The University of Utah College of Law has been named for late Salt Lake lawyer S.J. Quinney in recognition of $30 million in donations provided by the S.J. and Jessie E. Quinney Foundation.

That total includes a $26 million endowment announced Friday — one of the largest gifts in the university's history.

A ceremony was held at the law school Friday to announce the naming and to recognize the generous donation.

"The university is deeply grateful for this incredibly generous gift," said university President J. Bernard Machen. "The Quinney family and the members of the foundation board fully understand the enormous contribution a first-rate law school can make to the state and the nation, and are providing the resources to do just that."

The Quinney Foundation donation will be spread over 10 years and will be used largely for an operating endowment, providing funds for scholarships, the law library, professorships and special academic programs, Machen said. Student and faculty recruitment will be enhanced.

"We are overwhelmed with gratitude and excitement," law school dean Scott M. Matheson Jr. said. "This magnificent gift will propel our law school to the highest levels of quality and achievement in legal education."

Quinney family representative Rick Lawson, S.J. Quinney's grandson and a member of the foundation's board of directors, said that "naming of the law school after my grandfather is the highest honor that I can imagine. My grandfather and grandmother always held education in the highest esteem, and this opportunity we've been given exactly matches the ideals they instilled in their family and colleagues."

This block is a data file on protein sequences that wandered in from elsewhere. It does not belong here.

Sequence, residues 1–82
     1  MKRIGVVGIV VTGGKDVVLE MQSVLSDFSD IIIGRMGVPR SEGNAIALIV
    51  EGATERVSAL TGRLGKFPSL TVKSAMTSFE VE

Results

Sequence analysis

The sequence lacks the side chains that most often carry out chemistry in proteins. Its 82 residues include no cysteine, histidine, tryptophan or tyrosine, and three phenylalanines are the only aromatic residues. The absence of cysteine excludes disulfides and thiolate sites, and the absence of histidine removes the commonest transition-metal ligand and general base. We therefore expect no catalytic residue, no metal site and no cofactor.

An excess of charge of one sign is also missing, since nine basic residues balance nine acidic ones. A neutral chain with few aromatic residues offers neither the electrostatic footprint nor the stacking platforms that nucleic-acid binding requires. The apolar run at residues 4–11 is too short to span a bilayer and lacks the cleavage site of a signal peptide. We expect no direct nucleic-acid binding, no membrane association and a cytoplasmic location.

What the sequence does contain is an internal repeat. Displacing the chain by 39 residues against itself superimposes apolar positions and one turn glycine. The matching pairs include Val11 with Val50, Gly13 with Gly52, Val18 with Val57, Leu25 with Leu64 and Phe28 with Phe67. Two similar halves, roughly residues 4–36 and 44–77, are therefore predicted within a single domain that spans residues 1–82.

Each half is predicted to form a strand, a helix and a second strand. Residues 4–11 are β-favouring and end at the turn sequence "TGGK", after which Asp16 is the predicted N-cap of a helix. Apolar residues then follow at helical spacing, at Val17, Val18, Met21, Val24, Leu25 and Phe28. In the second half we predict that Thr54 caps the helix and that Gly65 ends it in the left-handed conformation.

Herbert C. Livsey, who also serves on the foundation board and who is a partner in the firm of Ray, Quinney and Nebeker, praised S.J. Quinney as a "first-rate legal scholar with a deep and abiding respect for the law." Quinney died in 1983 after having practiced for more than 60 years.

A Logan native, Quinney graduated from Harvard Law School in 1919. He returned to Utah and with partners set up the law firm where he worked throughout his career.

A member of the National Ski Hall of Fame, he was involved in the development of Alta Ski Resort and in 1938 helped form the Salt Lake Winter Sports Association. He was an advocate for environmental protection, with particular concerns for Logan Canyon and southern Utah's red rock country.

Among his friends was noted writer Wallace Stegner, who lived part of his life in Utah. Quinney helped establish the Wallace Stegner Center for Land, Resources and the Environment at the College of Law, contributing a $2.5 million grant in 1996.